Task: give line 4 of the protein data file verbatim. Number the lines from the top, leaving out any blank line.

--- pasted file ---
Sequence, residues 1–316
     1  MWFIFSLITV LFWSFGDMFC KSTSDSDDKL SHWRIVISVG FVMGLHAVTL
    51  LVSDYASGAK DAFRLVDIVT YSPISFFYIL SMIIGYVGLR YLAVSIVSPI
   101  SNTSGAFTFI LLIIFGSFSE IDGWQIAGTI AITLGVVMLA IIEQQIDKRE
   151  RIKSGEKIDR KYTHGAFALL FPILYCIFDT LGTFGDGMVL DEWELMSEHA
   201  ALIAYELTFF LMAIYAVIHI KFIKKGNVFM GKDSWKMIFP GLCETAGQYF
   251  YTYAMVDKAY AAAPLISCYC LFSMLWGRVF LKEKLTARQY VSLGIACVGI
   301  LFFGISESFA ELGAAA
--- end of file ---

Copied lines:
   101  SNTSGAFTFI LLIIFGSFSE IDGWQIAGTI AITLGVVMLA IIEQQIDKRE